D.J. Moore

The most talented receiver in the class landed with a QB known more for his legs than his arm…but it is not like his arm is not strong. In four NFL seasons, Newton has produced a 10.2-yard average depth of target, which, by comparison, only three QBs outproduced in 2017 alone: Deshaun Watson (11.5), Jameis Winston (11) and Russell Wilson (10.4). Since Newton’s weapons were drastically depreciated by the end of the season (Greg Olsen injury, Kelvin Benjamin traded and Devin Funchess playing through a shoulder issue), Newton completed the fewest downfield passes of his career last season. Enter D.J. Moore and his 4.42 40-yard dash speed, his 88th percentile catch radius and his 92nd percentile SPARQ score to complement the weapons already in place. Moore was the best receiver in this class and he was drafted as such to help a QB who needed a downfield receiver to supplement his plethora of short field option: Olsen, Funchess and Christian McCaffery.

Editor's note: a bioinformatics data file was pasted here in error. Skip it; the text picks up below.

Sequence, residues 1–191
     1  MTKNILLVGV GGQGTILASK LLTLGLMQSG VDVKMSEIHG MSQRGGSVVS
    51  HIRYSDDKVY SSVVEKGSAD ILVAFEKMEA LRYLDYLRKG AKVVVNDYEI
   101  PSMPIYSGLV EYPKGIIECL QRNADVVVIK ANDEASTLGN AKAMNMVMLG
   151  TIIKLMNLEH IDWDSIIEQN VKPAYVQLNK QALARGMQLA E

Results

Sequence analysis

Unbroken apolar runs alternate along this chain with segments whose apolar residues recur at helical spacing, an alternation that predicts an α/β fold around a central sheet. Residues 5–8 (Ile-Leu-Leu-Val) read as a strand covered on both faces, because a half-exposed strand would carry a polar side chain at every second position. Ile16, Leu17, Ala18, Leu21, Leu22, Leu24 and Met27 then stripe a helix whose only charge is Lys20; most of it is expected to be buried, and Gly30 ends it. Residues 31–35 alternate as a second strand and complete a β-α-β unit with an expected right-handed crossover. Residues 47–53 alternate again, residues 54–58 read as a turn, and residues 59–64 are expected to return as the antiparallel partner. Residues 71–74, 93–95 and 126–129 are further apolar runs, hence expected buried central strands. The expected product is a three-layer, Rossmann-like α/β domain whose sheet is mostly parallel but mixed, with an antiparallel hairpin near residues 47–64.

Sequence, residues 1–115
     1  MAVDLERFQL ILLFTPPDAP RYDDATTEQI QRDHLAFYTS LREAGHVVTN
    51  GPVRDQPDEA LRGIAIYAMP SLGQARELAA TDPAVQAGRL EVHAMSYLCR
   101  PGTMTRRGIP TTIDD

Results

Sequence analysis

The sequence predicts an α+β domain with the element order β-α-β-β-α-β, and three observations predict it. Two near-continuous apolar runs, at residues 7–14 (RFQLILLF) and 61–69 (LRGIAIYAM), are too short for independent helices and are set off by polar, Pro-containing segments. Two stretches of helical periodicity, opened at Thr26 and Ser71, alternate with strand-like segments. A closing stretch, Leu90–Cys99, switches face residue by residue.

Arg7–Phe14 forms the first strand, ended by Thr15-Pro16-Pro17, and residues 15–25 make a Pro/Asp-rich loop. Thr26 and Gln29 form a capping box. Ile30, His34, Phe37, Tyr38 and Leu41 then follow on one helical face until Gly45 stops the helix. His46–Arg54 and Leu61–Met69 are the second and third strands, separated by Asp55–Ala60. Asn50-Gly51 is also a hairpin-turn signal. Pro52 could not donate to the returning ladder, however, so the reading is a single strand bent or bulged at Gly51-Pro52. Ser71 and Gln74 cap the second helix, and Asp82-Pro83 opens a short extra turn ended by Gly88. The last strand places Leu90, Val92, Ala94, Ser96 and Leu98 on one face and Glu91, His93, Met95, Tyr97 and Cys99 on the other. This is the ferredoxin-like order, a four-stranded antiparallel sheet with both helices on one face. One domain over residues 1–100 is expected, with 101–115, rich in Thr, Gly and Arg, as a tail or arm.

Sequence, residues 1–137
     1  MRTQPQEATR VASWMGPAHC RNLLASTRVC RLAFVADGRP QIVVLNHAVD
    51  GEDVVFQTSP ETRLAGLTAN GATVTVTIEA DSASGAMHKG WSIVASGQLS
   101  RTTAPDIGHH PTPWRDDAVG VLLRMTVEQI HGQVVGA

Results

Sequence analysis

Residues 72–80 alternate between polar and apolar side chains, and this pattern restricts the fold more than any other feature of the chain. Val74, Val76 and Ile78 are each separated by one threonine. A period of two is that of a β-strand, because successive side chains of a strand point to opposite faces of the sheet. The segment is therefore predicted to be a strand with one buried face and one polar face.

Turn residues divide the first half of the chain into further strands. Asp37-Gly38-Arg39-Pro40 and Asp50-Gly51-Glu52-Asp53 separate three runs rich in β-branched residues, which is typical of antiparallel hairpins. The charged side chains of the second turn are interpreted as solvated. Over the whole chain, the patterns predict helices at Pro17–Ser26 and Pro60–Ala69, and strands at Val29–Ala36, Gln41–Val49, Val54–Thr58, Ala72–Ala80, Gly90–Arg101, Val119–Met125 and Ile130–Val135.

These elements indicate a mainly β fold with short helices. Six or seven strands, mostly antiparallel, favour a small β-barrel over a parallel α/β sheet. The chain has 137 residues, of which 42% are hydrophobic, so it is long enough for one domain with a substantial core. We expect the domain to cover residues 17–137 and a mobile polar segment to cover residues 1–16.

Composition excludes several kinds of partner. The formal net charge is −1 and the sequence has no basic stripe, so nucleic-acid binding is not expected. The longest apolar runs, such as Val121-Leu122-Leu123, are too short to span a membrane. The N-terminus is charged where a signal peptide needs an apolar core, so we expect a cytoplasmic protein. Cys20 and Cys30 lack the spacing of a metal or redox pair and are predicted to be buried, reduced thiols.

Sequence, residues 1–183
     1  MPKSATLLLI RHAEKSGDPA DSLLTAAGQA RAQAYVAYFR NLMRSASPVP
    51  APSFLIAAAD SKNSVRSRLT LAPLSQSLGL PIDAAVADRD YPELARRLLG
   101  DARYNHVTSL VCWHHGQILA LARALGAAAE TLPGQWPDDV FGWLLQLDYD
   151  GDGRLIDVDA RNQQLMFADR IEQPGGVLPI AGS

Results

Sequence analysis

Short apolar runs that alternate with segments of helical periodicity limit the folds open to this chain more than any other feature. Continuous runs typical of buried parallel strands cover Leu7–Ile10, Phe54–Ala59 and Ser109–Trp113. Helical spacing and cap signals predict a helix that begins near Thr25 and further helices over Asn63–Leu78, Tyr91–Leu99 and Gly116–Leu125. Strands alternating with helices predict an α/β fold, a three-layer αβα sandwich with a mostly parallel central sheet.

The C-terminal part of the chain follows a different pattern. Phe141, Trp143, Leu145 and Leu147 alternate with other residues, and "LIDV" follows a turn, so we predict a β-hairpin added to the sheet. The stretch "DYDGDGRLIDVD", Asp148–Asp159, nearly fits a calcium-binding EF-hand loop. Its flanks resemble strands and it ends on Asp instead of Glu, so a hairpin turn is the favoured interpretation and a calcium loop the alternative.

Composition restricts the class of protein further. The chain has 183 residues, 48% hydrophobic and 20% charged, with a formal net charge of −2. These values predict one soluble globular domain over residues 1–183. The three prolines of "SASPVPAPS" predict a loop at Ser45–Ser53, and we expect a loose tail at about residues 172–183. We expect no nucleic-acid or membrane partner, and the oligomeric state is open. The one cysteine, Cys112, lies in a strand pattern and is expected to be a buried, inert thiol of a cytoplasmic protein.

Due to the overload of potential targets for Newton to throw to, our model only projects Moore for 14-percent of the target market share in Week 1. In comparison, Funchess and Olsen are both projected for 21-percent of the target market share and McCaffery is projected for 20.3-percent. Moore is also being projected for 15-percent of the receiving TD market share on a team that has caught only 43 TD passes over the last two years combined. Despite his amazing talent, especially after the catch (which he put on display in the preseason), it is tough to expect Moore to emerge as the top receiver on a team with a WR1 in the backfield and a tight end (TE) who is heavily involved. Moore is a guy to watch as the season progresses and is nothing more than a large-field GPP flier against the Cowboys.